In 2002, New Jersey passed legislation requiring that all firearm sales in the state consist only of so-called “smart guns” within three years of the technology being commercially available anywhere in the United States. The trigger for this action is determined by the state Attorney General once “a smart gun prototype is safe and commercially available.” Up until now, there has been no “smart gun” product available as the market for such a device is often met with great opposition from gun rights supporters due to fears of regulation and laws specifically like that in New Jersey which would mandate only the sale of weapons the state designates as “smart.” If you’re unfamiliar with the technology, “smart guns” would contain mechanisms such as a fingerprint scanner or be tied to some device like a wristwatch which would need to be in close proximity for the weapon to fire. In theory, it sounds fine for consumption on the free market. If you like your “dumb gun,” you can keep your “dumb gun,” right? Wrong.
With reports of the Armatix iP1 pistol potentially going on sale in California and Maryland, the Brady Campaign, a nationally known anti-gun organization, has taken notice filing a lawsuit against the state of New Jersey accusing the state of ignoring its own law.
According to a 2002 law, if the state finds that “smart” guns are available on the market, a three-year timeframe begins before the technology would be required for all handguns sold in the state.
No such report has been issued since 2003 but the first guns that can identify their owner and fire only when that individual pulls the trigger have started to hit the market.
Trending: Cartoon of the Day: Pork-astucture
“As far as we are aware, the acting Attorney General has not complied with the requirements of the New Jersey Personalized Handgun Law,” said Gregory Little, counsel to the Brady Campaign, the gun control group that filed the lawsuit in state Superior Court last week.
There are several angles to this story, especially since New Jersey Gov. Chris Christie has aspirations heading into the 2016 presidential race. Christie has been mixed on the issue of gun rights, signing some gun control laws but vetoing others. If the Attorney General does consider the law to be triggered, would Gov. Christie attempt to mitigate the law in some form or seek extension or repeal of the bill? In New Jersey, the Attorney General is appointed by the Governor so the current officeholder, John Jay Hoffman, reports directly to Christie’s office.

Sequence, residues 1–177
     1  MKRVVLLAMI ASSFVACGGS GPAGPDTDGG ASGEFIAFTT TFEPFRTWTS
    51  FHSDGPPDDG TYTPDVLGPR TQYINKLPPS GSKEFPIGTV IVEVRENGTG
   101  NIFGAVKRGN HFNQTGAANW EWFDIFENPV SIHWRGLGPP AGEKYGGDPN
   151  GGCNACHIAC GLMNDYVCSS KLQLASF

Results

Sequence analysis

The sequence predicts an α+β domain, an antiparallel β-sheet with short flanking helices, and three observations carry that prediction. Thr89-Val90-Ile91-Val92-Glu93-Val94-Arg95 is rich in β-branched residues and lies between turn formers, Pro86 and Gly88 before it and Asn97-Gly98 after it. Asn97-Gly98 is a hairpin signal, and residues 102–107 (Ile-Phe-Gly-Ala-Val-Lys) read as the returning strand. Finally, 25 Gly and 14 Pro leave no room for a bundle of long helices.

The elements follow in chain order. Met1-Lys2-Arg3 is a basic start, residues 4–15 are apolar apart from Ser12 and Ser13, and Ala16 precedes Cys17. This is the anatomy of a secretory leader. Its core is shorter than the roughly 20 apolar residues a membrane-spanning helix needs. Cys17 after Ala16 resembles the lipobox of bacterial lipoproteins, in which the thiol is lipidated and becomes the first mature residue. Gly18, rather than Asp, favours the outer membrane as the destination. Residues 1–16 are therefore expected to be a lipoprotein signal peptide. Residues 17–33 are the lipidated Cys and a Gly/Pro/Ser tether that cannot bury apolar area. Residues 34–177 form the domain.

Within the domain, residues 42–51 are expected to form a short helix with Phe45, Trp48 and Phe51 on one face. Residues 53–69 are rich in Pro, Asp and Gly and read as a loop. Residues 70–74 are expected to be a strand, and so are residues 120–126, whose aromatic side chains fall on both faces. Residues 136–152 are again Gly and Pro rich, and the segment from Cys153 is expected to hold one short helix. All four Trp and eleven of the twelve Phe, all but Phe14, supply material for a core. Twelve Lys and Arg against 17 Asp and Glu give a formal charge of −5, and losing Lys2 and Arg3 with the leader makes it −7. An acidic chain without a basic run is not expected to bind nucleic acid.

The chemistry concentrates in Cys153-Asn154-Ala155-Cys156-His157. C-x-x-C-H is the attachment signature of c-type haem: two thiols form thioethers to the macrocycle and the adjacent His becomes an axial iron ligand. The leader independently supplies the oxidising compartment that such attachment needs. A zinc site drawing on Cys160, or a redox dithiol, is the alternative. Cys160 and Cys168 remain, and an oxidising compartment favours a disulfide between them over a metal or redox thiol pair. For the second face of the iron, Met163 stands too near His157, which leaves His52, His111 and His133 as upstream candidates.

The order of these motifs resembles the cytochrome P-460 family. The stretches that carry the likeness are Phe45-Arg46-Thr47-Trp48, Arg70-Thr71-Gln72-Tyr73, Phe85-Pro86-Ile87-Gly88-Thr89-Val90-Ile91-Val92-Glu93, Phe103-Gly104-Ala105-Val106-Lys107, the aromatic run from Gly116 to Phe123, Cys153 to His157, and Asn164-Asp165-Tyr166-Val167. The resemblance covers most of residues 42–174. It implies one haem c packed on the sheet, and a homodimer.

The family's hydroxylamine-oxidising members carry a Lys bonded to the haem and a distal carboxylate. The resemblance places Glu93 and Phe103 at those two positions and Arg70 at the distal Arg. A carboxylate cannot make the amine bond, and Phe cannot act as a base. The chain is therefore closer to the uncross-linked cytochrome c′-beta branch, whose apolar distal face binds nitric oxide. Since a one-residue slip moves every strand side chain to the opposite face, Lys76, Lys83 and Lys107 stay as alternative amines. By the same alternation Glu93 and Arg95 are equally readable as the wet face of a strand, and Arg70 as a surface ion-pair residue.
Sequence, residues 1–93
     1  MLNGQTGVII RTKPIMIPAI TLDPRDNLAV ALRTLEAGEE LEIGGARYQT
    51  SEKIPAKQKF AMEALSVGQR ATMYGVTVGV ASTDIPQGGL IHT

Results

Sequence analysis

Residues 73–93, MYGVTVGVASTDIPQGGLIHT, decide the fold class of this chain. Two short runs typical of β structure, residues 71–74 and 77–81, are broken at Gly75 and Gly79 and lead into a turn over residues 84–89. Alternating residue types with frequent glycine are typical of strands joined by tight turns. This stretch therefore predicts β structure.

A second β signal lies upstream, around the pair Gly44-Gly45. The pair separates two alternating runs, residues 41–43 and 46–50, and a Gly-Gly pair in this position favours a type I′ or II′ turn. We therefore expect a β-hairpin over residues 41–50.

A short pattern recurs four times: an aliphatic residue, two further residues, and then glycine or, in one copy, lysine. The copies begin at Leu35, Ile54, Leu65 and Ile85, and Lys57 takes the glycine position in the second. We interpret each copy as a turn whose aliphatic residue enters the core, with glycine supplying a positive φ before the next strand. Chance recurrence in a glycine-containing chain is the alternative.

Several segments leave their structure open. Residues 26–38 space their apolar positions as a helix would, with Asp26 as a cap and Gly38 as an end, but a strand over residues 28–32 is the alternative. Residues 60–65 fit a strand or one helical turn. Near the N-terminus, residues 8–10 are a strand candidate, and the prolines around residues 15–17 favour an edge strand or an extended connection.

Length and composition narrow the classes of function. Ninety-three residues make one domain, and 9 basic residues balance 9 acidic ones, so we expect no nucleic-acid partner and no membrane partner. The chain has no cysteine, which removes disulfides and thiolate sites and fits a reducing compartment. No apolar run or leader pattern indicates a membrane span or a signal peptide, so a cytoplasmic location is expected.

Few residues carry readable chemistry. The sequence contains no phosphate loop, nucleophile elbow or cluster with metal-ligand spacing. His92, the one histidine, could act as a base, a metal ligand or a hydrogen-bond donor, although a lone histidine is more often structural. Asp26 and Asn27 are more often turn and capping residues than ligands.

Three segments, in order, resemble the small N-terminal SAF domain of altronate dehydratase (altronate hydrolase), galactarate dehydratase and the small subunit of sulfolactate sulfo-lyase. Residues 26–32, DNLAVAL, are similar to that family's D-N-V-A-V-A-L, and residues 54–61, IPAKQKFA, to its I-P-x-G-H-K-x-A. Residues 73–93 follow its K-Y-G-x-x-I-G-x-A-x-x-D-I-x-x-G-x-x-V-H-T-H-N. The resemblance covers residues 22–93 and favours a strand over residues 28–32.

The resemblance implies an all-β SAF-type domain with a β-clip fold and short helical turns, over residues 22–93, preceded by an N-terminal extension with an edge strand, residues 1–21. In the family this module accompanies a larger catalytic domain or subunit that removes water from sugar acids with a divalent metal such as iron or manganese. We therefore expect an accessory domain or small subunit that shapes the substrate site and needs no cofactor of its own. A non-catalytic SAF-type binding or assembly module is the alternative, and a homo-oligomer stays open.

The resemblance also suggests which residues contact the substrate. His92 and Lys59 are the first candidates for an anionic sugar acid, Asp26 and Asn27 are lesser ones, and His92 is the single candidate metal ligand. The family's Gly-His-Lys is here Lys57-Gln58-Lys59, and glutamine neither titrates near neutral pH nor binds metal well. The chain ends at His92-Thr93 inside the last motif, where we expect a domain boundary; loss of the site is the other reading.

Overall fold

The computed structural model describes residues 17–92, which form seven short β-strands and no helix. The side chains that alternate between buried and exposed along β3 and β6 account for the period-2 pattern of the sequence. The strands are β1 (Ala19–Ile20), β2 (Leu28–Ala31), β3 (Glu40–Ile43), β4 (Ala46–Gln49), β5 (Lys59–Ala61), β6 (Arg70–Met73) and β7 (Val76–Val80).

The Washington Post also touched this story back in February noting that some in the state legislature have begun making similar inquiries as to whether the Attorney General is considering the sale of the Armatix iP1 in California as a trigger of the 2002 law.
So far, all remains quiet but you can sure bet that Gov. Christie is spending some serious hours considering how this will play out in court. If Christie’s lucky, he won’t have to act other than signing a bill repealing the law. The State Senate Majority Leader, Loretta Weinberg, a staunch gun control advocate, signaled she’s willing to support repeal if the National Rifle Association (NRA) is willing to back off opposition to “smart gun” technology. So far, the NRA has not backed down fearing that repeal is no guarantee other states won’t attempt similar measures or New Jersey won’t simply pass a similar law in the future.
Worth noting about the 2002 New Jersey law: Law enforcement firearms are exempt from the mandate should it ever go into affect for civilians.